MONEY, MONEY, MONEY
This Energy Industry Update examines how energy infrastructure investment needs continue to grow, while post-pandemic and geopolitical trends keep inflation a topic of intense discussion. This has focused the attention of energy policymakers, industry participants, and stakeholders on capital as well as operating and maintenance costs required for the sector. Specifically: Where is this funding coming from? How much is needed? How will it be recovered or repaid?
HIGHLIGHTS FROM THIS
ENERGY INDUSTRY UPDATE
Where is the money coming from?
- Less than a year after passing major federal infrastructure legislation, Congress has passed $369 billion+ legislation containing energy- and climate-related incentives and investments. Much work lies ahead in organizing and deploying programs under the Inflation Reduction Act of 2022, while energy companies consider which investments will be most beneficial to their respective businesses.
Where is the money being deployed?
- Numerous utilities are deploying grid modernization programs to update grid facilities, enhance demand response and efficiency, facilitate distributed resource deployment, and prepare for increased electrification. But end-user behavior, such as widespread vehicle electrification, remain years away. How do you plan, develop, and recover investment in a grid that can accommodate a distributed future?
- California began its energy transition decades ago and has recently accelerated its net-zero target to 2045. But as investment in resources, reliability, and the grid (both distribution and transmission) have been made and more are contemplated, hurdles remain to deal with fire and hydrological conditions, import dependence, and rising costs. California’s journey has potential lessons for other jurisdictions seeking to transform their respective energy sectors.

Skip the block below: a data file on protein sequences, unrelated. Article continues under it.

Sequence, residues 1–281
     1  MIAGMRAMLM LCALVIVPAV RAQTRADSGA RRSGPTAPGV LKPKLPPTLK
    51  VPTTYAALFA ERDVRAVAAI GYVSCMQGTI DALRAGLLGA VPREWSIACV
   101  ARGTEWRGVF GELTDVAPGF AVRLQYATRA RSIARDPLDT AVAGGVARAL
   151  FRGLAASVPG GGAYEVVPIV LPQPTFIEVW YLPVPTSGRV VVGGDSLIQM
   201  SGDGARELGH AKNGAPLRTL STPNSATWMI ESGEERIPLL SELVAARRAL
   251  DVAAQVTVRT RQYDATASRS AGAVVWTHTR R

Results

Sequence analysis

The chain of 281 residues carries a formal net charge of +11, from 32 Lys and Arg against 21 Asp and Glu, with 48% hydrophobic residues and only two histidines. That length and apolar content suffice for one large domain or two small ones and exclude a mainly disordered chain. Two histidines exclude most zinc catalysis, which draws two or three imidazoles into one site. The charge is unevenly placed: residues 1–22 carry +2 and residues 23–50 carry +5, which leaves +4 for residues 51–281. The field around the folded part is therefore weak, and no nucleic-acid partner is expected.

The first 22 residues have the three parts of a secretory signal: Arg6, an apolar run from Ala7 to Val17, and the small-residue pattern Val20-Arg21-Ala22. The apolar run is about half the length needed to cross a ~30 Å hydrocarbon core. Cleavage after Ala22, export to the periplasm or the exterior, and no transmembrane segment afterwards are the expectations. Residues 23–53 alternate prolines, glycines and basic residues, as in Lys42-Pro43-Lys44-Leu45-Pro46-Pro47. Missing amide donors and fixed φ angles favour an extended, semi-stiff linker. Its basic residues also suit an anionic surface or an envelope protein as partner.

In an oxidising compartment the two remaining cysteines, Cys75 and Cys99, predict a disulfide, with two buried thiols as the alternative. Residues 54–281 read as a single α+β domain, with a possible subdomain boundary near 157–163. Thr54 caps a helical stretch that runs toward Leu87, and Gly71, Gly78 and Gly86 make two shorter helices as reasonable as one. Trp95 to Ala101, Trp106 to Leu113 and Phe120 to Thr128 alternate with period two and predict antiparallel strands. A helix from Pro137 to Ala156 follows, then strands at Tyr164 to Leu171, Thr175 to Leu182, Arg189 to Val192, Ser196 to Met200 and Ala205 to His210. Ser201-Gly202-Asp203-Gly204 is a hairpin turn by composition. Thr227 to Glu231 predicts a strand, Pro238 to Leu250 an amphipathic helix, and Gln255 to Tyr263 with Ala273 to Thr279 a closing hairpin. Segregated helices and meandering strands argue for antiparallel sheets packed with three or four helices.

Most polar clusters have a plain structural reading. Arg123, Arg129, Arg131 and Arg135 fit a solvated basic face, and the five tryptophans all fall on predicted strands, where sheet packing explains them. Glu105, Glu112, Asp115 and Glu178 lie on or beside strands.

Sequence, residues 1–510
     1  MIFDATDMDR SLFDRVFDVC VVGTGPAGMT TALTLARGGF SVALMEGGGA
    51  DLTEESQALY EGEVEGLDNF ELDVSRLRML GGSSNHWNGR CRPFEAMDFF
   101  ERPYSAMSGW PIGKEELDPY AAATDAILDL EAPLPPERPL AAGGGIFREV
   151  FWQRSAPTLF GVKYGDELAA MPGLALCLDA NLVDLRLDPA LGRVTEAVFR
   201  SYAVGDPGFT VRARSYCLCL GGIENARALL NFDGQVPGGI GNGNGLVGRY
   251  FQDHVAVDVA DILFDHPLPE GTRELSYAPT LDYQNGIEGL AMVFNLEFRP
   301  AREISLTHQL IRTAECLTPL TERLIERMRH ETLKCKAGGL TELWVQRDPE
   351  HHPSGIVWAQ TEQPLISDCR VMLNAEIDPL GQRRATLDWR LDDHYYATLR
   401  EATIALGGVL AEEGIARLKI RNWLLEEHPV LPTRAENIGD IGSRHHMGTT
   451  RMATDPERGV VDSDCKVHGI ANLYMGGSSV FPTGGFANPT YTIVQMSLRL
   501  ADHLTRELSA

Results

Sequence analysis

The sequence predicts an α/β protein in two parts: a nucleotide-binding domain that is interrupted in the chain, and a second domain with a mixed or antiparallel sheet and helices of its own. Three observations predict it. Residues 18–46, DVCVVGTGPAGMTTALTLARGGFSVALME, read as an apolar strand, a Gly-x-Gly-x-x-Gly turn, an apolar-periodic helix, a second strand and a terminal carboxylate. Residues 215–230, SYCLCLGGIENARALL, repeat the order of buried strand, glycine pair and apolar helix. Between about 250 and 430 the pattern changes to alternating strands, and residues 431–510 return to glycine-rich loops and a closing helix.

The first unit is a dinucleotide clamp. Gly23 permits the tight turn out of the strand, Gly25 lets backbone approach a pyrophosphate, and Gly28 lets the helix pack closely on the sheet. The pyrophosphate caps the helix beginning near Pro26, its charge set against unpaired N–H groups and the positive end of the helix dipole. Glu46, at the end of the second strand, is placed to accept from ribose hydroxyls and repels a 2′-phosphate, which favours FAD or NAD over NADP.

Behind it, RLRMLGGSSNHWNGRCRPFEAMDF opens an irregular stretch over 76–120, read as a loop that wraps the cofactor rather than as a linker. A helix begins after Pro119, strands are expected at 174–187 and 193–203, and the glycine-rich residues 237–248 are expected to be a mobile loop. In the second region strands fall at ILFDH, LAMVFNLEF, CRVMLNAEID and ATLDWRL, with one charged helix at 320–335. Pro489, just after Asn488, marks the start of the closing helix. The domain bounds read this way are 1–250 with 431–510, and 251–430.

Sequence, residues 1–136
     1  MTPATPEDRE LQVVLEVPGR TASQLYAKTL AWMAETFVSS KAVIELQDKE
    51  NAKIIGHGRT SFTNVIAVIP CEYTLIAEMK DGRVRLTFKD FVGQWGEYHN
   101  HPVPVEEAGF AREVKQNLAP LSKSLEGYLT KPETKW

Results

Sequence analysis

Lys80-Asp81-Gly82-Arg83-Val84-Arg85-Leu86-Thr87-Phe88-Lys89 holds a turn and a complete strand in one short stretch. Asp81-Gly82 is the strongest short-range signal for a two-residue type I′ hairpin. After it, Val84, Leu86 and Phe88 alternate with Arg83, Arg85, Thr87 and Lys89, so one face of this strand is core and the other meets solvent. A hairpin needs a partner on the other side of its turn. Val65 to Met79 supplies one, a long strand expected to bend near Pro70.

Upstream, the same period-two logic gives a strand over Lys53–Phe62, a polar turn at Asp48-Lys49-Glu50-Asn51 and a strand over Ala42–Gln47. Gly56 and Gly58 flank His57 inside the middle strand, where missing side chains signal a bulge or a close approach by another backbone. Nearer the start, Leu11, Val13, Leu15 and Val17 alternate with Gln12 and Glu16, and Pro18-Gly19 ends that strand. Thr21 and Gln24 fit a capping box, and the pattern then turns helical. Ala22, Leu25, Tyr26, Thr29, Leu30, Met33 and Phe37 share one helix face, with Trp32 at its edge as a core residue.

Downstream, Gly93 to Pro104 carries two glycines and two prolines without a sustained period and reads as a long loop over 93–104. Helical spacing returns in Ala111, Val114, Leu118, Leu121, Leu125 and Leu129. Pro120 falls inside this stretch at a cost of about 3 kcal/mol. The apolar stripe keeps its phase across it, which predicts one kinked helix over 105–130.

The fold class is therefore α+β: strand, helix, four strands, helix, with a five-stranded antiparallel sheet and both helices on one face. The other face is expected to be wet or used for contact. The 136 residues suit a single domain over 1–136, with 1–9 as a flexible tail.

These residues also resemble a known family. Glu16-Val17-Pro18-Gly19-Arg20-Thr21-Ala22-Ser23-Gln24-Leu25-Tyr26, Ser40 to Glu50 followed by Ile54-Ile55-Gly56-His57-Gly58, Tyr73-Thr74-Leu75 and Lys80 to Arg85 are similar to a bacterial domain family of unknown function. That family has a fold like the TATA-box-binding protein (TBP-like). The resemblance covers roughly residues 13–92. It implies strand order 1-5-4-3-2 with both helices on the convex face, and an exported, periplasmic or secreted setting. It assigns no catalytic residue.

- Post-pandemic recovery has led to increasing natural gas demand, and supply has been working to keep up. But the sector now faces factors, such as effects of geopolitical events and policy, and historically low prices have turned upward in recent months. Meanwhile, continued gas-power interdependence for electric reliability underscores the continuing need for adequate and reasonably priced gas supplies for the foreseeable future. Are these dynamics transitory or long-lived?
How will costs be recovered?
- The past several years have seen rising generation fuel prices, growing investment in electric infrastructure, and continued build-out of low-carbon-emitting resources. We expect many utilities to grow their investments as they pursue net-zero objectives. As these costs eventually work their way into rates, utilities and regulators must consider the trajectory of energy costs and their impact on affordability.